Dassault Aviation delivers its first Rafale fighter jet to India

© Dassault Aviation

Ten years after the initial request for tender, the Indian Minister of Defense, Shri Rajnath Singh, received the first of 36 Rafale fighter jets ordered from Dassault Aviation and destined to equip the Indian Air Force.

The delivery of the Rafale RB001 took place during a ceremony held in Dassault Aviation Mérignac facility on October 8, 2019, on India’s Air Force Day.

“We stand alongside the Indian Air Force since 1953, reminded Dassault CEO Eric Trappier, adding “we are totally committed to fulfill its requirements for the decades to come and to be part of India’s ambitious vision for the future”. Dassault Aviation has supplied the IAF five times, from the Dassault Ouragan (renamed Toofani) in 1953 to the Mirage 2000 (Vajra) in 1985.

It marks the end of a decade of laborious negotiations between France and India. The tender to renew the Indian Air Force (IAF) fleet was started in 2009. The Rafale was selected in 2012, over its American and European counterparts. The initial order potentially included 126 aircraft. However, after years of indecision on an industrial partnership between Dassault and Hindustan Aeronautics Limited, the contract was put back on the table of negotiations once again.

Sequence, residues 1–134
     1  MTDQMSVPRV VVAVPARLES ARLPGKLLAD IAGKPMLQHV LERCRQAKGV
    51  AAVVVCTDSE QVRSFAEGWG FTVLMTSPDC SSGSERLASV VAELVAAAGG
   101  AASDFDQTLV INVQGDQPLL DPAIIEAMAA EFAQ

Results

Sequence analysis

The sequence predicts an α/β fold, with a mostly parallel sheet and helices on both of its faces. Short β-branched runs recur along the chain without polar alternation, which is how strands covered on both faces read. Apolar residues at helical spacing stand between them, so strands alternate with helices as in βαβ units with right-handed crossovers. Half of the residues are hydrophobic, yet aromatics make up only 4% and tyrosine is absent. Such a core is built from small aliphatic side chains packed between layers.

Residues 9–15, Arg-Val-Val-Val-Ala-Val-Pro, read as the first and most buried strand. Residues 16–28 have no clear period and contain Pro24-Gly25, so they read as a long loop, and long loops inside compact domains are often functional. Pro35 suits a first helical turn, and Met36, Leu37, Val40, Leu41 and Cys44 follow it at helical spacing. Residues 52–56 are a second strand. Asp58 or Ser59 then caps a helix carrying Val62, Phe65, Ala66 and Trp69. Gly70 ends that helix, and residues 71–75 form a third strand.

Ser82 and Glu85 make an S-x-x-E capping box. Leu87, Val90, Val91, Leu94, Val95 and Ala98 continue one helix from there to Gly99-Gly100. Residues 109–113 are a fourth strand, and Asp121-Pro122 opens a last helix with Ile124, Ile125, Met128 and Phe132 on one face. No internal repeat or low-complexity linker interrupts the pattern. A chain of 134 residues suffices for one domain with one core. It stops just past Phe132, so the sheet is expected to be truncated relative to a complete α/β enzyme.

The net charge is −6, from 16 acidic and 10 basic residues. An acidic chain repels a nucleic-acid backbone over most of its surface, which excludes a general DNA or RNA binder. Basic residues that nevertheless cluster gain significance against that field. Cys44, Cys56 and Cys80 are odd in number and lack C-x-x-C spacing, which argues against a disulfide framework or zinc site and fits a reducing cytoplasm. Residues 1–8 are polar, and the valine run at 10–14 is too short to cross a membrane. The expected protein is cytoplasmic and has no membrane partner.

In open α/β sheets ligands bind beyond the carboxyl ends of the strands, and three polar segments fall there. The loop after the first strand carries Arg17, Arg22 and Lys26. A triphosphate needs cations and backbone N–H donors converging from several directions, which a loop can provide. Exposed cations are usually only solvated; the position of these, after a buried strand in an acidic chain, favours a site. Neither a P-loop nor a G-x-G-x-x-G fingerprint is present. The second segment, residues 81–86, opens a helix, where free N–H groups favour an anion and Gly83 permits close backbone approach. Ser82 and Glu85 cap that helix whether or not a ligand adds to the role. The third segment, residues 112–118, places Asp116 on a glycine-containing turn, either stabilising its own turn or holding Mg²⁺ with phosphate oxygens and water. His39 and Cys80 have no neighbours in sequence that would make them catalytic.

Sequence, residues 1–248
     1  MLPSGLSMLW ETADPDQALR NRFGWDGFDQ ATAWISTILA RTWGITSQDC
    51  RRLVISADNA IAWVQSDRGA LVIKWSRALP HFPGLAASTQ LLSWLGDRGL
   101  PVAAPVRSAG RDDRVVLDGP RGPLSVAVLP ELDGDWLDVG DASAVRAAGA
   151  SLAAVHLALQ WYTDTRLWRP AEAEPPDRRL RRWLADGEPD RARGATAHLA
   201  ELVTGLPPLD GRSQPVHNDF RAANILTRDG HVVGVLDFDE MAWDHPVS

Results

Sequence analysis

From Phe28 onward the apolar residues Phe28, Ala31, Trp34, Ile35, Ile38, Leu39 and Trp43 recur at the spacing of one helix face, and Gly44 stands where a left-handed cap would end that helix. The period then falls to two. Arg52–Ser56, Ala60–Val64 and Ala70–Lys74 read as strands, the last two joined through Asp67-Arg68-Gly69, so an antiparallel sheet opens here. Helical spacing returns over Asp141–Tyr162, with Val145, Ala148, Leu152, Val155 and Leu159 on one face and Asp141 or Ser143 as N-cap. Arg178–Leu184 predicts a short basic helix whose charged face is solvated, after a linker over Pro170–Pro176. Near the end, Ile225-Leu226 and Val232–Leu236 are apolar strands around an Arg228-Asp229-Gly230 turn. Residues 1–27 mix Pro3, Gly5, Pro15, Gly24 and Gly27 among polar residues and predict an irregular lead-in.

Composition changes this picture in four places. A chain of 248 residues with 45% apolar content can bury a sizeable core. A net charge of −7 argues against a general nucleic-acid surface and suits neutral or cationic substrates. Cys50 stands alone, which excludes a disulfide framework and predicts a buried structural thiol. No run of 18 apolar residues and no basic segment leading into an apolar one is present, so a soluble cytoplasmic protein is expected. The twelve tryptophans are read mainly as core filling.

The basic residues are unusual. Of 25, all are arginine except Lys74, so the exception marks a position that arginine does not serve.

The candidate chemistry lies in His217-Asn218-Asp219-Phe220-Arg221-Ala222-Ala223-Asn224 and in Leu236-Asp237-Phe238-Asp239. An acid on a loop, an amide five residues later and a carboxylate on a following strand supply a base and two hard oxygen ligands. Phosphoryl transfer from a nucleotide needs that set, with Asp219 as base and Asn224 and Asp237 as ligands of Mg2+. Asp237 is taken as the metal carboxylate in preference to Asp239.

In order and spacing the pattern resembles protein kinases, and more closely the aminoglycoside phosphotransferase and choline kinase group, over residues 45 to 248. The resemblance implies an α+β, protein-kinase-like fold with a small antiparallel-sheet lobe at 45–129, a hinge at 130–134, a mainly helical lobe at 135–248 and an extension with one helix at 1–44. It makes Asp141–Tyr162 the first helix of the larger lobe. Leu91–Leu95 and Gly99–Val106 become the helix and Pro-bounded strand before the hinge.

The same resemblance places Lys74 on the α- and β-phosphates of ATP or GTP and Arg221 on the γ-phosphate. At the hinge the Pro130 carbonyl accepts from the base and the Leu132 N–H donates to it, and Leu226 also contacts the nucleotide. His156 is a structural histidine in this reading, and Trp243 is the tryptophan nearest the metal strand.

On September 23, 2016, French President François Hollande and Indian Prime Minister Narendra Modi reached an agreement for the sale of 36 Rafale aircraft for an amount of €8 billion. This time, Dassault Aviation would manufacture the aircraft.

The IAF Rafale fighter jets should be stationed on Ambala Air Force Station, near Kashmir and the Pakistan border, and Hasimara Air Force Station, in West Bengal.

Another order on the way?

Discussions resumed in July 2018 between France and India and Dassault Aviation, this time for an order of 110 Rafales. The Indian Navy, in need of 57 combat aircraft, could also choose the Rafale Marine (carrier version). The governments of both countries and their respective manufacturers have yet to successfully outline an industrial plan, as the fighter jets will have to be assembled in India this time.

But the allegations of corruption regarding this contract, that have targeted Prime Minister Modi during the latest electoral campaign, could resurface.


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